Comic book vs. comicbook

In today's How to Review Toys the OAFEnet Way column, I said that things like comicbook and videogame are one word, which (surprisingly) is the thing most people seem to be taking issue with. Not my bald-faced bragging, not the denigrating of British grammar, but comicbooks and videogames. So why do we use that style, instead of the quote/unquote "proper" way?

It all goes back to Stan Lee.

Stan once wrote in the "Stan's Soapbox" column that used to run in every Marvel comic regarding his preference for the term comicbook over comic book, and the reasons for it. Namely, a "comic book" is literally just that: a comic book - a book that is comical. Christopher Moore's Lamb is a comic book, but it is not a comicbook. Justice League is not a comic book, but it is a comicbook. Atomic Robo is both a comic book and a comicbook, because it's funny as hell. By combining the words "comic" and "book" into one compound word, you create a specific, definitive term. Why should comicbook be different from briefcase, smokestack or playground?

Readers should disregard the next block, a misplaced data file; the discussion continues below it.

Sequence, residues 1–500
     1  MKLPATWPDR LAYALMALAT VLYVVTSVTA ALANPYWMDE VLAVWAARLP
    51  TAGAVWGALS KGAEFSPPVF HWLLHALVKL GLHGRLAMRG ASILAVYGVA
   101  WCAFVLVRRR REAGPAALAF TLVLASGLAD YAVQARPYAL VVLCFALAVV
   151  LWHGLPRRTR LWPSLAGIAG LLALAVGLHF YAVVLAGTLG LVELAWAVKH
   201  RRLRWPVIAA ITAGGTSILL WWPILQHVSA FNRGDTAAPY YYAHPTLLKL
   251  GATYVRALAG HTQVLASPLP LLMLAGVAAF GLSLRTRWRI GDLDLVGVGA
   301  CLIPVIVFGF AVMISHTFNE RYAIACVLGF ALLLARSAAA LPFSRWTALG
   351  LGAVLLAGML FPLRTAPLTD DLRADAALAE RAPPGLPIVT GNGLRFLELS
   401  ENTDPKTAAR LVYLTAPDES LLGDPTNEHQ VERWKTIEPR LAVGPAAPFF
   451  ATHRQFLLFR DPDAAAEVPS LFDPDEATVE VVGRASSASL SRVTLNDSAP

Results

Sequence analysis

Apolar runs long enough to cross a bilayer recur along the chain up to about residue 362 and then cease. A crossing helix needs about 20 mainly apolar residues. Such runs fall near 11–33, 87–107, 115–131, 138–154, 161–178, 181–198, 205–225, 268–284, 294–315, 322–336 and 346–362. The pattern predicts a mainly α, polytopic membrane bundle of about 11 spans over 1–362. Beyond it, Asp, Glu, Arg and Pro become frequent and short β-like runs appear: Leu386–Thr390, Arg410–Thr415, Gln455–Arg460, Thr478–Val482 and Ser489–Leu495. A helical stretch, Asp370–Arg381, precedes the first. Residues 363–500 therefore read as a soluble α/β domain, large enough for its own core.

In a similar vein, this is a videogame:

And this is a video game:

As you can see, they're not the same thing.

And if you think that it's wrong to change standardized grammar just because you decided to, consider that "teenage" and "teenager" were officially "teen-age" and "teen-ager" until 2009, and that bullseye is still properly spelt "bull's-eye." Official rules always lag behind real-world usage, and so we're doing our part to help set the improved standard. That's why we always spell it comicbook. In Stan Lee's own words, "Anybody who writes comicbook as two words is no friend of mine!"

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